|Publication number||US4661797 A|
|Application number||US 06/720,671|
|Publication date||Apr 28, 1987|
|Filing date||Apr 8, 1985|
|Priority date||Apr 9, 1984|
|Also published as||DE3570385D1, EP0158593A1, EP0158593B1|
|Publication number||06720671, 720671, US 4661797 A, US 4661797A, US-A-4661797, US4661797 A, US4661797A|
|Original Assignee||Get Gesellschaft Fur Elektroniktechnologie Mbh|
|Export Citation||BiBTeX, EndNote, RefMan|
|Patent Citations (7), Referenced by (52), Classifications (28), Legal Events (6)|
|External Links: USPTO, USPTO Assignment, Espacenet|
The invention relates to an electronic warning and monitoring apparatus for an automatic processing apparatus, in particular for robots.
Automatic processing or handling equipment generally performs certain programmed movements. Particularly in the case of robots which are provided with a plurality of axes, the combination of various movements about axes, which movements generally also occur simultaneously, gives rise to complicated forms of movement of the robot as a whole. A person who is in the vicinity of the robot cannot see what movements the robot will be carrying out at the next moment. The speeds of movement of robots are ever increasing, in order to cut the working times down as far as possible. Particularly in regard to the programming of robots, endeavours have been made to reduce the periods of time that the robot requires for reaching certain operating positions.
It is precisely in that state of movement however that a robot must generally cover the greatest distances. As a result, the movements through space are becoming very fast, with speeds of some metres per second being quite usual. The motion program of a robot begins suddenly and generally without any advance warning by means of an acoustic or optical signal so that a person standing close to the robot can be completely surprised by the sudden commencement of the movement. Under some circumstances, such a person is then no longer capable of moving to a safe distance, and accidents result.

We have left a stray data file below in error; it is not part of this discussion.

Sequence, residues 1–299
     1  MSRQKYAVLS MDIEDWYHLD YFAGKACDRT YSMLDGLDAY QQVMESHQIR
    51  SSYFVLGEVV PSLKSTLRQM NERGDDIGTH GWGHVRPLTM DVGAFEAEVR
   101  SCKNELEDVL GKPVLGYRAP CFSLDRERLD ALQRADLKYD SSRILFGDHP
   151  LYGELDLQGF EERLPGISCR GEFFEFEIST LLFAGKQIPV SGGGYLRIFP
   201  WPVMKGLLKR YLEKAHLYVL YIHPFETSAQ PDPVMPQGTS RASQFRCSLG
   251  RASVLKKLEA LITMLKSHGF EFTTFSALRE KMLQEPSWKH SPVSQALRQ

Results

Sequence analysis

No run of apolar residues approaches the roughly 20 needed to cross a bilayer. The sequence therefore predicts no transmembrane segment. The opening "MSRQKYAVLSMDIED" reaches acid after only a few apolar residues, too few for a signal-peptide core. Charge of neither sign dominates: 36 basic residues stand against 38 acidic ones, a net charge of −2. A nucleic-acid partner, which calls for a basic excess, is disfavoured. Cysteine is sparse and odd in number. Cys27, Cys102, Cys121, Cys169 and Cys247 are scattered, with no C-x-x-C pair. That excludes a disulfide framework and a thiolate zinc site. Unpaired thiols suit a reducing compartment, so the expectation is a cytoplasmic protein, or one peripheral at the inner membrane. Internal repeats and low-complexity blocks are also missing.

In order to prevent such accidents, devices have been developed, which permit monitoring of a certain area around the robot by optical means, for example light barriers, light curtains, laser beams etc, and also by ultrasonic means or by simple contact means. When a person penetrates into the protected area, such monitoring apparatuses respond and produce warning signals or switch off the movement of the robot. Also known are safety devices wherein cushion-like resistance sensors comprising an elastic conductive material are arranged directly on the arms of the robot; when the arm of the robot strikes against an obstacle, for example parts of the body of a person, the sensors make the impact elastic. It has also already been proposed that the compression of the conductive elastic material should cause a change in the ohmic resistance or the reactance in a monitoring circuit which outputs a stop command to the robot control means.
However, the previously known monitoring devices suffer from a number of disadvantages. Particularly in a situation which involves monitoring a space, the limits of the space being monitored cannot be clearly established. In practice, it is necessary for the space being monitored to be substantially larger than the working region (region of movements) of the robot, which considerably increases the amount of space required for robot working areas.
More specifically, nobody may be in the monitored space, even when the working area of the robot cannot in any way fill up that space.
In addition, in movement-sensitive monitoring devices, the robot movement itself is restricted because the monitoring device which seeks to detect the approach of a person can also respond to the movement of the rotor when it moves into the space being monitored. That disadvantage also restricts the use of such space-monitoring installations.
The known safety devices generally do not permit constant self-testing for operational safety without a restriction, in respect of time, of operational readiness. However, the authorities who deal with accident prevention set a very high standard in regard to operational reliability of such monitoring devices, which make it necessary to provide automatic, interruption-free and continuous self-testing at very short periods of time (several times per second).